The Duchess of Malfi, Sam Wanamaker Playhouse, Shakespeare’s Globe, London
Get a shot of inspiration with the FT Weekend bulletin - the best in life, arts and culture. Delivered every Saturday morning.
Shakespeare’s Globe is now a significant year-round proposition, thanks to the opening of the indoor Sam Wanamaker Playhouse. At 340 seats, this reproduction 17th-century playhouse is much smaller than the main outdoor amphitheatre. Some of its fittings, too, seem to constitute a compromise between period and contemporary requirements.
One conspicuous area of authenticity is that apart from the possibility of admitting external (though still indoor) light through windows, the Playhouse is entirely candlelit. The opening production of John Webster’s 1613 tragedy is lit by 100 or so candles, equivalent, apparently, to around a 20W compact fluorescent tube. But as Lady Macbeth, another tragic heroine of the period, observed, hell is murky.
And director Dominic Dromgoole makes full use of all available variations so that, for instance, the scene in which the imprisoned Duchess is visited in the dark by her brother Ferdinand is played in complete blackout, until that grotesque waxwork tableau of her dead family is revealed lit by an array of tea lights.
One palpable impression, in such a different performing environment, is that the Globe house style of acting in broad, clear strokes can seem over-simplistic. This is the case with almost everyone onstage here. Gemma Arterton’s Duchess (pictured) at first seems exceedingly naïve both in her stratagems and in whom she trusts with knowledge of her secret marriage; then in the far grimmer second half she becomes “the figure cut in alabaster/ Kneels at my husband’s tomb” rather than the flintier, more fatalistic yet still comparatively more feeling Duchess we usually see. Only Sean Gilder as the malcontent Bosola finds a person in his portrayal, although David Dawson as Ferdinand is particularly skilled at playing both the character’s encroaching madness and his initial desire for his sister: at one point he deliberately fluffs a line so that it becomes “I am to be – er, to bespeak a husband for you.”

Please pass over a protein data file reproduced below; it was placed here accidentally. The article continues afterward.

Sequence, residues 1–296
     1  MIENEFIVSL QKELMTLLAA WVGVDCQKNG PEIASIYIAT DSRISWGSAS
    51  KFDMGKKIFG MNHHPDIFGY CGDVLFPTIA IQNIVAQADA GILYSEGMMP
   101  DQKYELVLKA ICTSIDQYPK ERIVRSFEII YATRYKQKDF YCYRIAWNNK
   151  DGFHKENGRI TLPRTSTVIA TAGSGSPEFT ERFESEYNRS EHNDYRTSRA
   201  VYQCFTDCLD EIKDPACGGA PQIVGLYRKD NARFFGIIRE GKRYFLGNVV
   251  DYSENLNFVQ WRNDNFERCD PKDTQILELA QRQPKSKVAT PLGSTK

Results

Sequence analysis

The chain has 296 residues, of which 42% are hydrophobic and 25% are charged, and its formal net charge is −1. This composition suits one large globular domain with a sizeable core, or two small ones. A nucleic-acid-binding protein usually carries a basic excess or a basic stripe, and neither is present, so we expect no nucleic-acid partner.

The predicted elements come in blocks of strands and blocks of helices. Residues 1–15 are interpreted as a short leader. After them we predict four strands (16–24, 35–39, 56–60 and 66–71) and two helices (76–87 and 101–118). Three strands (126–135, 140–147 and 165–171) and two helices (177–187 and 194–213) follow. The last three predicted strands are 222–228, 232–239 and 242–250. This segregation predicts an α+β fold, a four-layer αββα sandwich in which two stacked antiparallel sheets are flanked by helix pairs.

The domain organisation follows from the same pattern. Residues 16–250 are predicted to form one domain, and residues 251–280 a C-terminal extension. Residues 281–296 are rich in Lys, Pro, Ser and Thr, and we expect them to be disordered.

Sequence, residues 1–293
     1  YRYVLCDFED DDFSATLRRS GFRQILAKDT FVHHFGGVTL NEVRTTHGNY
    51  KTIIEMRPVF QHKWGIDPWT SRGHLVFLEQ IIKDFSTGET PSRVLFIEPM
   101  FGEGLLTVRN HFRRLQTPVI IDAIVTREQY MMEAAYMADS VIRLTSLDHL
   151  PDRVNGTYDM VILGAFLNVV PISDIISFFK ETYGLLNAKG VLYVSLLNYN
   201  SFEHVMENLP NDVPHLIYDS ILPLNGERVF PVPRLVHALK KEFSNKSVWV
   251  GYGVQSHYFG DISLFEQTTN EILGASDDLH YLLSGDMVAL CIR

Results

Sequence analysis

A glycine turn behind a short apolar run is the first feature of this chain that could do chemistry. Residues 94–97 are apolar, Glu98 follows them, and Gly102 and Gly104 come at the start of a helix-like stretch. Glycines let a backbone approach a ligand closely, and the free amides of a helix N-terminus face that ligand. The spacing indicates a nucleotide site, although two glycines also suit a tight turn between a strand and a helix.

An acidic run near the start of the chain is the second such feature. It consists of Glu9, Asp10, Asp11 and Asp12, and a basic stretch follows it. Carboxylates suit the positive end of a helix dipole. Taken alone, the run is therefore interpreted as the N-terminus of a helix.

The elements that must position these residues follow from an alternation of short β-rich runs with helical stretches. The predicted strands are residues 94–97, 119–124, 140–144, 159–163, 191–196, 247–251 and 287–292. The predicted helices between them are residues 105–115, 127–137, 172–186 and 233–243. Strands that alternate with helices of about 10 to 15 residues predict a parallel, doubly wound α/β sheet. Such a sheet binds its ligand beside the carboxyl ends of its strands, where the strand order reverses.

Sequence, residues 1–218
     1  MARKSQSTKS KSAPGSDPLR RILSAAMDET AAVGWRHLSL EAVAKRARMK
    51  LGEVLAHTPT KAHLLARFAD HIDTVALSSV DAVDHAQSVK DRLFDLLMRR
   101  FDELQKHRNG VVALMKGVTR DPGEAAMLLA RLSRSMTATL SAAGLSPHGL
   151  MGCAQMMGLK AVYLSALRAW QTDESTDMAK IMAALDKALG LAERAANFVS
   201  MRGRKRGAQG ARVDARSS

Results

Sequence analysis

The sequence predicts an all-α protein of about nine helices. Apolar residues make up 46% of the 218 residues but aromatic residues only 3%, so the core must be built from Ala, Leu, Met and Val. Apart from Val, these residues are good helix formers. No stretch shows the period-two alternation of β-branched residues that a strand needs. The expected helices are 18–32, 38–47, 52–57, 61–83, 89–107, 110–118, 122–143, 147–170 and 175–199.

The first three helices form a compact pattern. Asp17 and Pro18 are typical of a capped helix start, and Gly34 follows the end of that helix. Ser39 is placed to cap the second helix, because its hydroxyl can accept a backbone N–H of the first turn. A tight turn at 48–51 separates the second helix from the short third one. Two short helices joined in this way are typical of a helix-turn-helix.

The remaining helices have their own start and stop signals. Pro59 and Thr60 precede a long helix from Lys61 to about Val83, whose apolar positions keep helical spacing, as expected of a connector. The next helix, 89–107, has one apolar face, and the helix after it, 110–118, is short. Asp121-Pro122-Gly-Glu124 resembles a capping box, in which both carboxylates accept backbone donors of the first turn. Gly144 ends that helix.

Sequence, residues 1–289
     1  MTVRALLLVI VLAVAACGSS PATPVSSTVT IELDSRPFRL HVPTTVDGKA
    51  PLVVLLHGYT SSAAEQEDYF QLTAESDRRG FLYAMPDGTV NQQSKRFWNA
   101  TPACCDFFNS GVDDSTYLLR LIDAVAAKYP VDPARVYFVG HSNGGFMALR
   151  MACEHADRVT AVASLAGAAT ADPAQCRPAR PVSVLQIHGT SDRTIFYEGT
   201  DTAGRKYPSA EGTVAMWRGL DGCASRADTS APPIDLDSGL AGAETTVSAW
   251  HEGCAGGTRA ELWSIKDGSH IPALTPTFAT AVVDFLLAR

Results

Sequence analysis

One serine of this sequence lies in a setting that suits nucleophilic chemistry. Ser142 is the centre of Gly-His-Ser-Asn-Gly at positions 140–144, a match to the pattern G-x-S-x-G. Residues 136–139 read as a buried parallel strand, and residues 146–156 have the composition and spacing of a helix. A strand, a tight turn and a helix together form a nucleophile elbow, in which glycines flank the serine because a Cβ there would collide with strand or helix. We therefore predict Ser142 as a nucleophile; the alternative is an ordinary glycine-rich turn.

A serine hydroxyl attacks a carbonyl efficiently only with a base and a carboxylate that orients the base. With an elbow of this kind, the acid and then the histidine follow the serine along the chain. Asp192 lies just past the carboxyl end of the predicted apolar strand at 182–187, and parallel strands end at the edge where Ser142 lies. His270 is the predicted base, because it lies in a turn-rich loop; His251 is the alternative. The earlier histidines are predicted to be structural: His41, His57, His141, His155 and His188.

All this is, however, simply to encounter the Globe style anew, and perhaps to be too keen to decry an approach simply because it is different. What is incontestable is that the Playhouse is a major addition to the Bankside venue’s arsenal.
Get alerts on Life & Arts when a new story is published